Vuelta a España: Alejandro Valverde wins again in Andorra as Contador strikes out
  June 30, 2022 Login  

Current Articles    |   Archives    |   RSS Feeds    |   Search

Saturday, August 25, 2012

Vuelta a España: Alejandro Valverde wins again in Andorra as Contador strikes out

by Ben Atkins at 11:20 AM EST   comments
Categories: Pro Cycling, Vuelta a España, Race Reports and Results
Movistar rider catches Contador on the line to take his second stage as Froome dropped at the end

alejandro valverde Alejandro Valverde (Movistar) took his second victory in the 2012 Vuelta a España, as he took the eighth stage between Lleida and the Collada de la Gallina, in Andorra. The 2009 race winner managed to fight his way up to a lone attack from 2008 race winner Alberto Contador (Saxo Bank-Tinkoff Bank), and caught him in the steep final metres.

On Valverde’s wheel was race leader Joaquim Rodríguez (Katusha), who took second as the two riders passed the floundering Contador, who appeared to be struggling with his gears.

“It was a really hard stage, especially with the speed from the start to make the day's break,” said Valverde afterwards. “Sky set a very fast pace during the final 40km and the beginning of the last climb was super strong. I had very good sensations and that's why I launched the first attack, also with the intention of dropping GC rivals coming behind. From that moment on, there weren't any big gaps because all of us were suffering, until Contador attacked.

The three Spanish riders had been part of a four-man group of race favourites, along with Tour de France runner up Chris Froome (Team Sky), until Contador’s final kilometre attack split it apart. Valverde and Rodríguez dropped the British rider as they pursued Contador, and he crossed the line 15 seconds behind.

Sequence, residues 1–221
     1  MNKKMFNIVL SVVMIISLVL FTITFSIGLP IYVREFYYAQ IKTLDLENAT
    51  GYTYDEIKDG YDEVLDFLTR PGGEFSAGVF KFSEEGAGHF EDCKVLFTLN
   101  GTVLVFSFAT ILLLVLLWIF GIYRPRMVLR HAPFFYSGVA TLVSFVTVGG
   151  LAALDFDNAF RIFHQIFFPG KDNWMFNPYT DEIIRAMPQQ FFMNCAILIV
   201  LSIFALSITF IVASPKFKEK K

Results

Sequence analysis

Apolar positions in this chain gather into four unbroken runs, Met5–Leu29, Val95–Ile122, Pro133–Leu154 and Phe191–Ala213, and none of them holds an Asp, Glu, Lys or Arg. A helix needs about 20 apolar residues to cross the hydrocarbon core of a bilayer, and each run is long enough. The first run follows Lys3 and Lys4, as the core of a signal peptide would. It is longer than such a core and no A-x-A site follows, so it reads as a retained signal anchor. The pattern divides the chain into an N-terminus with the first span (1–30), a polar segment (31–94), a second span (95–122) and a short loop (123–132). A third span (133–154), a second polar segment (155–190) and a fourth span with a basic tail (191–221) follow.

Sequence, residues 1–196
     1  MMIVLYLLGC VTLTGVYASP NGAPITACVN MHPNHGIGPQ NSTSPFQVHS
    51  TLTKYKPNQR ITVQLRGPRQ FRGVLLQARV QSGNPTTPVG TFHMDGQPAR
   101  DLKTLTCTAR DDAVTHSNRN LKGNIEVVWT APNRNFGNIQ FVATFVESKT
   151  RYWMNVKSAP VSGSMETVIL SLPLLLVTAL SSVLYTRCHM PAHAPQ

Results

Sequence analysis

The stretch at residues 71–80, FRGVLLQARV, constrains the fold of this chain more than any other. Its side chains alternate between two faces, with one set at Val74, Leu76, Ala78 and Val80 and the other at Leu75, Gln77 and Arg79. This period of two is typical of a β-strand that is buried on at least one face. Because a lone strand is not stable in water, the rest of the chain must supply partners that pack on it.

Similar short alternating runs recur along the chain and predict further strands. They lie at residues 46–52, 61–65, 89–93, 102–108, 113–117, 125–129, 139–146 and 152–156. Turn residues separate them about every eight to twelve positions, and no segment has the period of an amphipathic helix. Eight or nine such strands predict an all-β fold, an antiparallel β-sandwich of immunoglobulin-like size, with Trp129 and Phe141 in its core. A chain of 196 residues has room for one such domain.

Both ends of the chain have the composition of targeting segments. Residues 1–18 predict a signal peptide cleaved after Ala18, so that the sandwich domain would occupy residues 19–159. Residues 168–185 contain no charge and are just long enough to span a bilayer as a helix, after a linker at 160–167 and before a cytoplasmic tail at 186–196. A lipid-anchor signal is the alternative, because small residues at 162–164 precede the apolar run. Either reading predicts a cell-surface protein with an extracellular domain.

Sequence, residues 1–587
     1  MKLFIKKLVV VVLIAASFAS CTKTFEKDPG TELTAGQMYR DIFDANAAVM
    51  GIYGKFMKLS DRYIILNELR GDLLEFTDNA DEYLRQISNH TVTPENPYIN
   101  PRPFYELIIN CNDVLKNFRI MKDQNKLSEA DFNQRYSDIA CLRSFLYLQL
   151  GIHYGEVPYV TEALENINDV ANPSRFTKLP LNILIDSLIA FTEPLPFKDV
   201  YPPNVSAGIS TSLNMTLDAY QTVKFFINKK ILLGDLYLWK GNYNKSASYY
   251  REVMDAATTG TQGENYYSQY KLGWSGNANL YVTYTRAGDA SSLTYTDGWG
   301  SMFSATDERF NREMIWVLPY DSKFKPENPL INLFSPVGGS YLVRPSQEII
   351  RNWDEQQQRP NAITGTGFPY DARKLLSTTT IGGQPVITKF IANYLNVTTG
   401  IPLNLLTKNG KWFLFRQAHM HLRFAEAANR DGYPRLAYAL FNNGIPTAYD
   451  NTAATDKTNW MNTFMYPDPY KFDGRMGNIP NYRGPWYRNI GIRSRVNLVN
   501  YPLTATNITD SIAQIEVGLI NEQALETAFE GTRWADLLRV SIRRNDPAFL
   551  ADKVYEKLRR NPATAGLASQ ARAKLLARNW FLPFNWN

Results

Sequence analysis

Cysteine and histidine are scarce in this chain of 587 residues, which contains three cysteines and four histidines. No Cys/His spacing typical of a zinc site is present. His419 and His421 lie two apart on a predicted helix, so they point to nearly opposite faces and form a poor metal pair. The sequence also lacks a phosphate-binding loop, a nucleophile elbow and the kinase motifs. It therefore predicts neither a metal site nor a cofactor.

“I knew Purito [Rodríguez] knew the climb really well and we had it clear in minds that we couldn't climb so fast for long, so I stuck to his wheel when he jumped and went past him when I saw him sitting on the saddle,” Valverde explained. “I knew I had to come through the last corner first and I could keep it until the line. This victory only does make me earn another win and keep making the team happy, I'm not thinking about anything else. It's obvious that we will be fighting for the GC as much as we can, but the rivals are really strong and I don't know who long I'll stay this fit.

“I was the one from the riders ahead that has had more racing days, taken more efforts and having had two years without competition,” he added. “Now I'm into a fitness level I couldn't have ever imagined and can only be thankful towards the team, always supporting me 100%, and everyone supporting me for things to stay like this."

The fast starting 174.7km stage was dominated by a six-man group that eventually managed to escape shortly before halfway. Cameron Meyer (Orica-GreenEdge), Javier Ramirez (Andalucía), Amaël Moinard (BMC Racing), Mickaël Buffaz (Cofidis), Javier Aramendia (Caja Rural) and Martijn Keizer (Vacansoleil-DCM) managed to get more than nine minutes clear before they were steadily pulled back by a combination of Katusha and Team Sky.

The group began to split on the penultimate climb of Alto de la Comella and, on the lower slopes of the Collada de la Gallina, Meyer struck out alone. The Australian was gradually reeled in by Team Sky, and an acceleration from Froome pulled the leaders up to him with two kilometres to go. The favourites began to attack one another until, with less than a kilometre to go, Contador put in the biggest attack and managed to get away.

Just as it looked as though the Saxo Bank-Tinkoff Bank rider was poised for stage victory however, he appeared to be struggling with too small a gear, and Valverde attacked across to him.

The Movistar rider caught Contador on the line to take the stage, with Rodríguez close behind him to hold onto his red jersey. Froome lost 15 seconds to the Catalan, increasing his deficit to 33 seconds, while Valverde jumped up to fourth overall behind Contador.

La Vuelta hits the real mountains at last as it crosses the border to Andorra

The end of the first week finally saw the 2012 hit the big mountains as it headed into the mountain Principality of Andorra. Most of the stage was to be predominantly flat however, offering opportunities to breakaway riders, before the Alto de la Comella towards the finish. The final climb to the Collada de la Gallina was only 7.2km in length, but it’s 8% average gradients would feature sections that topped 23% in places.

After an enormous number of unsuccessful breakaway attempts, which saw the peloton complete 52.6km in the first hour of racing, the six man group of Meyer, Ramirez, Moinard, Buffaz, Aramendia and Keizer finally escaped after 75km. Once the break was established however, it was evidently of a composition that satisfied the big teams of the peloton, and it soon began to open a large lead.